Despite the doom and gloom, the mining industry is good at rising above it all, confident that good times always follow bad ones, so even when times are tough they try to give a little back.
Pronounced by its citizens – the 30,000 or so global mining industry players that attend each year – as the Peedac (PDAC), the Prospectors and Developers Association of Canada annual conference is more than just a marathon of presentations by miners, analysts and industry service providers.
Attracting industry players from 125 countries around the world, the PDAC is the world's largest mining convention, and also the first big event in the calendar year, providing a unique opportunity for CEOs, engineers and financiers to rub shoulders with allies and rivals.
Amidst the schmoozing along Bay Street hot spots are the events that mix socializing and networking with charities to support the communities where companies mine, in Canada and abroad.
One such event is Bullion Belts, a boxing match at the Ritz Carlton hotel in downtown Toronto that pitches professional boxers against one another while investors and mining executives watch on. The proceeds from sponsors like Iamgold, an Africa-focused miner, go to the Right To Play charity, which aims to take children in poor countries off of street corners and put them on playing fields.
Another annual fixture is Mining4Life, which brings together the movers and shakers of the industry over a friendly game of Texas Hold'em Poker. Only sponsors can attend the event. A buy-in of $100,000 buys 10 tickets, with $50,000 and $15,000 buy-ins getting five and two tickets respectively.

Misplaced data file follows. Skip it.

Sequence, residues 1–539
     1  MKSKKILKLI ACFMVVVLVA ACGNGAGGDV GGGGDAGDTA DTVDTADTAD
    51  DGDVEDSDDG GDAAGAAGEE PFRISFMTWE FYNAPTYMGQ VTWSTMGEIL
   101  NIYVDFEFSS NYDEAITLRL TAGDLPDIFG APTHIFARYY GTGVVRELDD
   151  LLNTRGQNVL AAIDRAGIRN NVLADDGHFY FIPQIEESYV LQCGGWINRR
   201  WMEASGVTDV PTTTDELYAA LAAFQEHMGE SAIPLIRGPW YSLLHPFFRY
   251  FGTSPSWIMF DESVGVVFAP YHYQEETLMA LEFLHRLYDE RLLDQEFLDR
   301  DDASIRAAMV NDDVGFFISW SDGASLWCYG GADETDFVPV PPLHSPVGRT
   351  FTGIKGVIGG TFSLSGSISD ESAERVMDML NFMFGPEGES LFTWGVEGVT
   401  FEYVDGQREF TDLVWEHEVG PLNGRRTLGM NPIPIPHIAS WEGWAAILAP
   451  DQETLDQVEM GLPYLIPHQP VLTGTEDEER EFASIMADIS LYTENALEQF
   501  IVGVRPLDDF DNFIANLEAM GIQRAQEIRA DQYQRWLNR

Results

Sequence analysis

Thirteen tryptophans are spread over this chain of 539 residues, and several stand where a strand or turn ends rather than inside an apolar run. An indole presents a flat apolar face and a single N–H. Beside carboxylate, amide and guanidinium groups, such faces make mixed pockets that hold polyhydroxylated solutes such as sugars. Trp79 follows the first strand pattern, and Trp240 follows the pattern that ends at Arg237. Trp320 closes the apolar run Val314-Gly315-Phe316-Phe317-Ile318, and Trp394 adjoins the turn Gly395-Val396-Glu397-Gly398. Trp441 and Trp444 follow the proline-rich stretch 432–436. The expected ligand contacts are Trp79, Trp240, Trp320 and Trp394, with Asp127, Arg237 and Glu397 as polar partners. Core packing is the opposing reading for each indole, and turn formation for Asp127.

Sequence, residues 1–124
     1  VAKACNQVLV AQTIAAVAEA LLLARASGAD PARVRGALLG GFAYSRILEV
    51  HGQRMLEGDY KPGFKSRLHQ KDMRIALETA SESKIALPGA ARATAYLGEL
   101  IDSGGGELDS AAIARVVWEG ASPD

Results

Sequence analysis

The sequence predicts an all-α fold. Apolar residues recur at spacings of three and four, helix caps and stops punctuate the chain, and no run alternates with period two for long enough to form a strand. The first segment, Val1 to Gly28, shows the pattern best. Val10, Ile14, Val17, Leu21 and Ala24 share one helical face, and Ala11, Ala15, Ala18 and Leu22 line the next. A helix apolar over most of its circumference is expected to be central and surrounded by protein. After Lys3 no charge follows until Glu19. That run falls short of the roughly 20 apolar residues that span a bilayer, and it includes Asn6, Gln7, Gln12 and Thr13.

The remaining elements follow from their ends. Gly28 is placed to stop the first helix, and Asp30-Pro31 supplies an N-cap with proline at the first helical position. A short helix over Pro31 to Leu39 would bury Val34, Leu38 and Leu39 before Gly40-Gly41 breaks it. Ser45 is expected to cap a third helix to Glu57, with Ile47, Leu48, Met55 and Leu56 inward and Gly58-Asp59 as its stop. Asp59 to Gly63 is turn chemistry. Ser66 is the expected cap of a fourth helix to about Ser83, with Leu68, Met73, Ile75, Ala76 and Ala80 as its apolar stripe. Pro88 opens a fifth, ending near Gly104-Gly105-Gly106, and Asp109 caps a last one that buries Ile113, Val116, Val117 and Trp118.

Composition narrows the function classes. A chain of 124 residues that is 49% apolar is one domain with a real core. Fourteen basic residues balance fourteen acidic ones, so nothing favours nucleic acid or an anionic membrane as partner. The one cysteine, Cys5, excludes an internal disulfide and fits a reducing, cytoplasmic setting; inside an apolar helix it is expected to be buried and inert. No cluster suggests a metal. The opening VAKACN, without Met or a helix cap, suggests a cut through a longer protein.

The event, on Wednesday evening at the Four Seasons Hotel in Toronto, has raised an average of $2.75-million per year for the past four years, with $11-million going to charities including SickKids International and BC Children's Hospital and causes they support.
The events mix charity with opportunities to talk about the industry and hatch ways to be profitable even in trying times. PDAC is as much about ideas as it is about corporate presentations.
Ideas are pitched and discarded, and plans are hatched in whispered conversations on the sidelines of corporate presentations and luncheons.
In the evening, hordes of miners rejuvenated after the day's travails hit some of the city's top restaurants, bars and clubs. Everybody has an angle and everybody is a willing listener, always hoping to stumble on the next great idea, or to commiserate with a rival about the state of an industry that has seen better times.
This year's PDAC unfolds at a time when all but the most credit-worthy of companies have seen access to financing cut off, as investors worry about the future trajectory of metals prices. While many fight for survival, others are looking for opportunities to pick up devalued assets at cheap prices.